It's a bit of a stretch, but I think it's, well, poetically fair, y'know? The Miles we've met inside the snowglobe is, by default settings, all prickly and standoffish (when he's not just outright insulting), and looking out for number one. The Miles who's partnered with Ford asks after his partner, sets him up with a friend, and altho he doesn't know the details, can read Ford's unease and agitation about getting closer and closer to the man he holds responsible for the deaths of his parents. The ability to read the dead vs the living certainly would contribute to his character and personality in each reality, and the absence or presence of his father might have metaphysically contributed to which ability he developed. Yeah, like I said, maybe a of a stretch, but I like it.

Where does Miles get his last name Straume? Or does his name plate say Detective Chang?

Did anyone see a letter to Mr. Sawyer tucked into Ford's "Sawyer" file? That would tell us that Jacob visited him as a child and gave him the pen he needed to complete it.

Oh, hey, did you catch that when Ford asks why, if Charlotte's such a great girl, isn't Miles going out with her, Miles tells him he's already got a girl. Who do you suppose that is...? Naomi? Nikki? Oh, no way! LAPD? Anna Lucia?! Wack! Gotta be! =)

A sorta sad-making observation by JK—since Ford chose cop over criminal, it seems unlikely that he would've hooked up with Clementine's mom outside the snowglobe. Not that Clementine's had a huge impact on anything major, but I liked that Sawyer worked that mark in prison as part of a deal to take care of her. I actually thought that Sawyer's whisper in the chopper was about Clementine and THAT stash specifically, not just to make sure she was taken care of. Cuz Kate users part of her Oceanic settlement, and never mentions Sawyer's savings account. I still find that sketchy and annoying, much like Kate herself.

Interesting, catching sight of a clean-cut looking brother Liam looking to bail his brother out. What sort of divergence will we see with that relationship? Liam, the responsible, rehabilitated, family man? Charlie, the hopeless junkie? I wonder if, while he was dead/near-dead, Charlie actually saw or felt that he was fated to die in another reality, the way Juliet got to experience things in the other direction when she was near death. How does Charlie's story fit into any LOST-karmic framework, anyhow? Is he better off in this reality for just not dying? Will he meet Claire in L.A. and turn himself around and help her raise a proto-Jacobean Aaron?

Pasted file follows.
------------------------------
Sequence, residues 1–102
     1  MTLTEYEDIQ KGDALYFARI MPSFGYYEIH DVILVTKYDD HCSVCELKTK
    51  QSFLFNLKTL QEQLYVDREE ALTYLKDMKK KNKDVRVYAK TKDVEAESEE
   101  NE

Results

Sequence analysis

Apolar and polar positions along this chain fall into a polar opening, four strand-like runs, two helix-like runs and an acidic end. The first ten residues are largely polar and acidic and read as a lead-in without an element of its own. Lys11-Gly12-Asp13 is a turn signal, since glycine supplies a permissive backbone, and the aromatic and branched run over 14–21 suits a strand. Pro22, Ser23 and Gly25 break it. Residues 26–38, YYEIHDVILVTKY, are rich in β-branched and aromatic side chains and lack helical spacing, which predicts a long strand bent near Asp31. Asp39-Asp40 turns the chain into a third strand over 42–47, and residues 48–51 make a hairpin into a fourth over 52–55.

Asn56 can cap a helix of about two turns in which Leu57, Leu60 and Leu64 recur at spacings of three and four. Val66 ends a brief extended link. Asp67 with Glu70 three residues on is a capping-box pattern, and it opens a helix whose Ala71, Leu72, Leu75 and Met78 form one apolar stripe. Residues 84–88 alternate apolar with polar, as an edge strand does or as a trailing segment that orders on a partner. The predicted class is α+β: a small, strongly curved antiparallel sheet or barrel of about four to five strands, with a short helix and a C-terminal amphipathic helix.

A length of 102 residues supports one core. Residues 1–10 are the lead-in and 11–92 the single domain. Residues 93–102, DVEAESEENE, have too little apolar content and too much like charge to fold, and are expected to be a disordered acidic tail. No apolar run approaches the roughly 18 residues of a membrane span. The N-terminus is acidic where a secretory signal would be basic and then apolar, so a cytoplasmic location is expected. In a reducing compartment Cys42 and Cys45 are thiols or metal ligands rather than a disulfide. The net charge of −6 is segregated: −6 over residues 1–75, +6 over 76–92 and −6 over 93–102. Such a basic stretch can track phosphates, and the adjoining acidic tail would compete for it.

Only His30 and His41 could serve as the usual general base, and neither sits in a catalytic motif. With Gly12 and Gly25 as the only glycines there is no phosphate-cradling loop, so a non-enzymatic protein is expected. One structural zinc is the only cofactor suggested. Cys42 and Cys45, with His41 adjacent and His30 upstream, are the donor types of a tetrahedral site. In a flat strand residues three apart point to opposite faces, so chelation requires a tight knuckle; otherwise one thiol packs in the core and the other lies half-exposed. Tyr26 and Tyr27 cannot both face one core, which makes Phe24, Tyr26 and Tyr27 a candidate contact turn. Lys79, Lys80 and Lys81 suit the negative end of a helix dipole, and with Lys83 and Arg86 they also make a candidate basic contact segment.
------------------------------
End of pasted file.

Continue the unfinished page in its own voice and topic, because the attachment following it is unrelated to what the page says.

A quick detour...


I don't love the idea that got dropped on us inside the snowglobe that Esau is a time-shunted (or reality-shunted?) "adult" version of an Aaron raised by another, in the snowglobe, while Jacob might be his counterpart, raised by his mother, outside the snowglobe. Light and dark versions of the same child. Allowing for a crazy Island discharge of some kind (traumatic enough to sink it?) that grabs two Aarons and shoves them way back in time, I'll admit that this theoretical poop shines up pretty nicely, but I don't think that it fits the tone and pace of the show as I know it, so I'm holding out for something else for now.

I still like my idea that Jacob elevated Esau to superhuman status as a lieutenant and/or companion, and Esau eventually turned on him when they came to a philosophical crossroads, perhaps somewhen/somewhere in ancient Egypt. Also, that Richard might have been Jacob's second attempt at such a creation.

Gotta say, I appreciated the thoughtfully punny goodness of the title of this episode, "Recon." There's Esau's sending Sawyer to scout out Hydra Island (every time I hear that, I think of a supervillain headquarters or global paramilitary baddies, a la Cobra =). Then there's Sawyer's playing both sides against one another. And then there's getting to do it all over again, and within that, getting to see him play a classic con again as well. Tasty puntabulous stuff. =)

Keep on keepin on~